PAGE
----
The new PangeiaBiotech varieties are taking a step forward in the technological evolution of sugarcane by utilizing two different Cry proteins. “Double transgenics already existed in crops such as corn and soybeans. Now we’re applying the approach to sugarcane,” explains de Lucca. Agronomist Hugo Molinari, a researcher at Embrapa Agroenergia and a project participant, believes the use of two proteins with insecticidal properties makes the technology more durable, reducing the risk that pests will develop resistance.
In addition to the dual transgenic insecticide modifications, the varieties developed by the São Paulo startup also incorporate the cp4-epsps gene from Agrobacterium sp., which is tolerant to the herbicide glyphosate. The bacterium is found naturally in the soil. “Glyphosate resistance is an innovation in sugarcane. Farmers will be able to use less pesticide during production. There isn’t a cane variety on the market that’s resistant to both the sugarcane borer and glyphosate at the same time,” de Lucca emphasizes.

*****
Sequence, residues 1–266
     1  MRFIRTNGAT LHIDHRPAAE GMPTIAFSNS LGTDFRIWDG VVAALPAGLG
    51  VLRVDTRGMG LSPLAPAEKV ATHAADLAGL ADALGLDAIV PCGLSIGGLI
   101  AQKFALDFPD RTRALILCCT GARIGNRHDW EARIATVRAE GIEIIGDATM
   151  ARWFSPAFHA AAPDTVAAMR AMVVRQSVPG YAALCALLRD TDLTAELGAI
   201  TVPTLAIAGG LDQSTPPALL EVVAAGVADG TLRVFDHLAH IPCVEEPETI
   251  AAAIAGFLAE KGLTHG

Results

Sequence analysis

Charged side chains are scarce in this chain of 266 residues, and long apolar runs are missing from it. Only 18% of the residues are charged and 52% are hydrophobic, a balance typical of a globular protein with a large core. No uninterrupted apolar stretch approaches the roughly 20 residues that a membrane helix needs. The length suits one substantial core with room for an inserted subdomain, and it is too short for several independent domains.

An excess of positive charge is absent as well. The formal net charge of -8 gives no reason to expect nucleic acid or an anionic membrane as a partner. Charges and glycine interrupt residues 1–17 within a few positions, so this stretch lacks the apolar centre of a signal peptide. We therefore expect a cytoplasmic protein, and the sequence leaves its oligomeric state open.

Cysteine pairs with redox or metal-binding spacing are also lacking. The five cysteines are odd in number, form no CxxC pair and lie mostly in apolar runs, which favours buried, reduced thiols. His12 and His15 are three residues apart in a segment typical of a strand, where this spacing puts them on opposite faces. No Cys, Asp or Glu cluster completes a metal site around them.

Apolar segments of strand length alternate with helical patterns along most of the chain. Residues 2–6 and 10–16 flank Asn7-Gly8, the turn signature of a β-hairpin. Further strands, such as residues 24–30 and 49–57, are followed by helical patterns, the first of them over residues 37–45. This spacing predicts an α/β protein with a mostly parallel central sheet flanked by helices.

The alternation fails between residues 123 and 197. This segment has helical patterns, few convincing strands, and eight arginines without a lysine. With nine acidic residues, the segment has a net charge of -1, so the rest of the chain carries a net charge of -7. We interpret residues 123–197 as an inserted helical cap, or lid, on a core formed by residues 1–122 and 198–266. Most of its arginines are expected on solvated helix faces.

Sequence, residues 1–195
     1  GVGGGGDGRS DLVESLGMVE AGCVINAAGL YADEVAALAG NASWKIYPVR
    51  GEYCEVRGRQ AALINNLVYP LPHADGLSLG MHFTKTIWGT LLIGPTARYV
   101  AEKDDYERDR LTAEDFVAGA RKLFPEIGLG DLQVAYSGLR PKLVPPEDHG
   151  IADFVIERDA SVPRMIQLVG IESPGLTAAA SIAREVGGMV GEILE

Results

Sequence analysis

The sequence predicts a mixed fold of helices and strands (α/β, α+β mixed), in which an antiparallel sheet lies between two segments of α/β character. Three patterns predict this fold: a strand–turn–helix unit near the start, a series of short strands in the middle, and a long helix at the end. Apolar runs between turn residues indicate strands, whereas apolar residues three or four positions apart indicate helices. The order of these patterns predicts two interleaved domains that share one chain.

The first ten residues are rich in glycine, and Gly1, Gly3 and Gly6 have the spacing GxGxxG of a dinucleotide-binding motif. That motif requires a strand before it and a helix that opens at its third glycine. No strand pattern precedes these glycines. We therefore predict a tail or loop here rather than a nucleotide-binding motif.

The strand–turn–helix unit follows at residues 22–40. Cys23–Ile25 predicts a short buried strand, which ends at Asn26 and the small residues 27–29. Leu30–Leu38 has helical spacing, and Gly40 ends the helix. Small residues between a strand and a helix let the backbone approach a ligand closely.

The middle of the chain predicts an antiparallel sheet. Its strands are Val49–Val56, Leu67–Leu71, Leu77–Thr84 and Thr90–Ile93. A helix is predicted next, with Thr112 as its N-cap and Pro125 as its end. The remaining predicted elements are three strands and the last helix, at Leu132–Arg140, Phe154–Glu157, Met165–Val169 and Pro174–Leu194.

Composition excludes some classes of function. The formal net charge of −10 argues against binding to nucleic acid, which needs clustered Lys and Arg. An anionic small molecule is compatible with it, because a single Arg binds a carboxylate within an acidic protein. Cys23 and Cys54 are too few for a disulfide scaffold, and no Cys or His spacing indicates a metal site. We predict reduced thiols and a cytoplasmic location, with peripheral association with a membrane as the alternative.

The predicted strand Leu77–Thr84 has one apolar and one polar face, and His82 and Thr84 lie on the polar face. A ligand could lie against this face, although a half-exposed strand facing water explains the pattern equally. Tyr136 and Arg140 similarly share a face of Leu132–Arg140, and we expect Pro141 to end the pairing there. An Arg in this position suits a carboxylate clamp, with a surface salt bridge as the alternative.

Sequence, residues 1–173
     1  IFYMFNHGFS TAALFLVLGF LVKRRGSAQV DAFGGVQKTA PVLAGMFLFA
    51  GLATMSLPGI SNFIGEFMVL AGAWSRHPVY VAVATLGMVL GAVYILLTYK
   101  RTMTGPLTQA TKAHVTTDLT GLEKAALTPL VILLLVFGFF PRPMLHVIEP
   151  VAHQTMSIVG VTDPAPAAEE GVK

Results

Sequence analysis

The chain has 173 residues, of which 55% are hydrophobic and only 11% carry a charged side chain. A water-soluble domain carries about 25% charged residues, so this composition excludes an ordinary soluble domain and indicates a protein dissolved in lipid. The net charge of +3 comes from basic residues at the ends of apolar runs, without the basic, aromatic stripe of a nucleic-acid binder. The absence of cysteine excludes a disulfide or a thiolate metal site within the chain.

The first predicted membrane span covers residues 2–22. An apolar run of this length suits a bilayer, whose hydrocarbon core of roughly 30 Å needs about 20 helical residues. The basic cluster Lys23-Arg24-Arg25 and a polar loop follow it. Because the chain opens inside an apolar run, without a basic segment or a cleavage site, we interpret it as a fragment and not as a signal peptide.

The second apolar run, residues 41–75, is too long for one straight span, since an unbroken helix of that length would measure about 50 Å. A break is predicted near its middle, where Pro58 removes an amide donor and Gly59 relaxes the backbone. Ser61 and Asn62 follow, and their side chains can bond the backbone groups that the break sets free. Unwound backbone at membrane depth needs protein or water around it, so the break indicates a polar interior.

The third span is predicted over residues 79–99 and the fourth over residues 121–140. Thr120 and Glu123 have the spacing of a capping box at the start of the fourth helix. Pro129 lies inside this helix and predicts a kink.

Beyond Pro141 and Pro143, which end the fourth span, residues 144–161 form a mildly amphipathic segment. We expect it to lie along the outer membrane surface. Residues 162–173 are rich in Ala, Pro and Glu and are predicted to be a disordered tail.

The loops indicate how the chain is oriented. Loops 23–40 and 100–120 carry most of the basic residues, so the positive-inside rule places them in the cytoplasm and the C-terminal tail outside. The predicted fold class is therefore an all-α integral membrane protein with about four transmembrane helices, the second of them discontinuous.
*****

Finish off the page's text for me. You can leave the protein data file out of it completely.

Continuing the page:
He explains that growers are currently required to combat weeds by cautiously applying herbicide between the cane rows, since the product can also damage their crop. Tractors must be employed to do the work, in an operation that’s time-consuming and expensive, mainly due to the cost of diesel fuel. “If the cane were resistant to the herbicide, the producer could spray from the air, saving on fuel costs,” says the creator of PangeiaBiotech. They would also use less pesticide, Molinari adds.
Another innovation in development at PangeiaBiotech is a transgenic sugarcane variety that, in addition to being resistant to cane borers and glyphosate, will be resistant to the Sphenophorus levis beetle, known as the sugarcane weevil. “With the advent of mechanization, sugarcane began to be harvested raw, without first burning the cane fields, which increases the incidence of pests, including Sphenophorus and spittlebugs. Previously they would die when the plantation was burned; now they burrow into the straw and multiply,” explains Molinari. The researcher says the damage caused by the sugarcane weevil is estimated at R$2 billion per year in Brazil and there is still no highly effective chemical or biological control available.